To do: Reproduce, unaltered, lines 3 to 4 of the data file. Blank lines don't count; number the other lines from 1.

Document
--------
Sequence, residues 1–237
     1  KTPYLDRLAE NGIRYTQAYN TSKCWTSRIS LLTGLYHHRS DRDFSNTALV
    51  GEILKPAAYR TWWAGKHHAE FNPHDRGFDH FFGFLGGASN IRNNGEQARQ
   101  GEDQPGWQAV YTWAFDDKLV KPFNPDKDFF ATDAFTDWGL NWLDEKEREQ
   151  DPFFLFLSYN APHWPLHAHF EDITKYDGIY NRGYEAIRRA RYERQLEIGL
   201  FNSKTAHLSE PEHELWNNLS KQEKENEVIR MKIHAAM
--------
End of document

    51  GEILKPAAYR TWWAGKHHAE FNPHDRGFDH FFGFLGGASN IRNNGEQARQ
   101  GEDQPGWQAV YTWAFDDKLV KPFNPDKDFF ATDAFTDWGL NWLDEKEREQ